Community-led awareness in Cambodia proves it’s possible to stop open defecation
Keo Samon, a rice farmer in southeastern Cambodia, had no toilet in her home. Nor was there even an outhouse or latrine for Keo, her husband and five daughters. Instead, they would defecate on land around the home, or in the rice fields.
That changed after the Water Supply and Sanitation Collaborative Council, a United Nations partner, began to work with her village. Keo’s family, along with 30 others, attended community-led awareness sessions, built simple dry toilets and joined the drive to make their village “open defecation-free.”
“In the past, I did not know the consequences of defecating outdoors. It was simply my habit, like others in my village. We were not aware of the importance of good hygiene. But now, I am very excited to have my latrine,” Keo said.
What good does a toilet do? More than you may imagine. Adequate sanitation prevents disease or malnutrition caused by contaminated water. Open defecation, practiced by more than a billion people around the world, is among the main causes of diarrhoea, which kills more than three quarters of a million children, aged five or under, each year.
Sanitation is also a necessary path to ensure the protection and empowerment of women and girls. When schools lack toilets, girls stay home when they are menstruating. When adequate sanitation is unavailable, women and girls are forced to take their private needs to the open, leaving them subject to sexual abuse.
Finally there is the economic argument. Poor water and sanitation costs developing countries around $260 billion a year — 1.5 per cent of their Gross Domestic Product. On the other hand, every dollar invested can bring a five-fold return by keeping people healthy and productive.
So, it is difficult to understand why, in 2013, 2.5 billion people around the world still lack access to adequate sanitation. More people have cell phones than toilets in today’s world.
Since the adoption of the Millennium Development Goals (MDG) in the year 2000, global poverty rates have been reduced by half. So has the proportion of people without access to improved sources of water. Two hundred million slum dwellers live better lives. Enrolment in school has increased dramatically. The global mobilisation behind the MDGs has been a remarkable success that has changed the world’s approach to development for the better. Yet, with just over 1,000 days remaining before the 2015 deadline for achieving the MDGs, we are not even close to reaching the goal on proper sanitation. That is why I am, on behalf of the Secretary-General and the U.N., launching a call to action on sanitation as we mark the beginning of the International Year on Water Cooperation.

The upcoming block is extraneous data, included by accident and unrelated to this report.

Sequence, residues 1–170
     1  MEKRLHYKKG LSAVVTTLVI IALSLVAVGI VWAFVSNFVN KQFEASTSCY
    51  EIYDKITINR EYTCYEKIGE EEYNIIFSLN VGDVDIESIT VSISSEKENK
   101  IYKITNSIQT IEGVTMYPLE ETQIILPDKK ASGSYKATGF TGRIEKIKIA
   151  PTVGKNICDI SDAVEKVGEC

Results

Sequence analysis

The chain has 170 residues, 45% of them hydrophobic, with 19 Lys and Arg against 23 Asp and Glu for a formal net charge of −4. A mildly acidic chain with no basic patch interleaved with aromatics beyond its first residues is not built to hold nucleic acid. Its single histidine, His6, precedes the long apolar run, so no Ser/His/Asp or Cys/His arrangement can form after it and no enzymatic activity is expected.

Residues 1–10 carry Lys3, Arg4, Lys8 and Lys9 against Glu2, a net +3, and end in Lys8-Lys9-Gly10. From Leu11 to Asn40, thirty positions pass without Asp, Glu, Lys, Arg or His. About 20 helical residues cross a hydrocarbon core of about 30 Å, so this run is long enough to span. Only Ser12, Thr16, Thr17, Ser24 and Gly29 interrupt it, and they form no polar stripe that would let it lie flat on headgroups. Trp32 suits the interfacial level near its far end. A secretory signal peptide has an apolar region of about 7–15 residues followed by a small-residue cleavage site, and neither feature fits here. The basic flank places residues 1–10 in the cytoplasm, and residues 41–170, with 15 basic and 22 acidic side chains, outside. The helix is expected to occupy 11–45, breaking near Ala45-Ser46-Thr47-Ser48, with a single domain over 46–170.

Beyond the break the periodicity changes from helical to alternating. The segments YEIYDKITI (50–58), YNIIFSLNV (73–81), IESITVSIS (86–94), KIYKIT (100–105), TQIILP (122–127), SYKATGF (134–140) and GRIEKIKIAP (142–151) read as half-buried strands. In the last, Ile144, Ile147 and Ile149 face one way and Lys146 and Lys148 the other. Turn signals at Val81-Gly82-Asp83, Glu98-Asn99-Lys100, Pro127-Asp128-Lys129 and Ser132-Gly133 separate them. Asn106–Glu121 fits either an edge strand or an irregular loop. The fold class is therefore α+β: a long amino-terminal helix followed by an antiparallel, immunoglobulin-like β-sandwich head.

Three ways forward
There are three things we can do to speed up progress on sanitation. First, we should speed up the elimination of open defecation — country by country, community by community, family by family. We need to talk about the problem, and not turn our heads away from a subject many find uncomfortable.
Second, we need to strengthen cooperation. The water and sanitation challenge is everybody’s business. We need everyone to play their part. National governments need to lead by making commitments. Local governments can work with communities to help them to help themselves. The private sector can invest in the health of their employees and the environment. And civil society organisations can monitor progress and advocate solutions.
Third, we should scale up the projects that work. Simple, affordable actions have already proved their worth. Between 1990 and 2010, about 1.8 billion people gained access to sanitation, a significant achievement. Many countries have tackled this problem within a generation.
Doing nothing is not an option. The social, economic and environmental costs are simply too high. Let us commit now to end open defecation and provide adequate sanitation and safe water for all, so women and girls can live with dignity and our children can survive and communities can thrive.
Keo in Cambodia reports that all her family members are now using the latrine. They are drinking safe water. “I ask all families in my village to start building latrines for their use. This will help our village to end open defecation and bring good health for everyone, especially our children.”
Keo has set an example. Let us follow — one community at a time. Nobody can do everything, but everybody can do something.
(Jan Eliasson is Deputy Secretary-General of the United Nations.)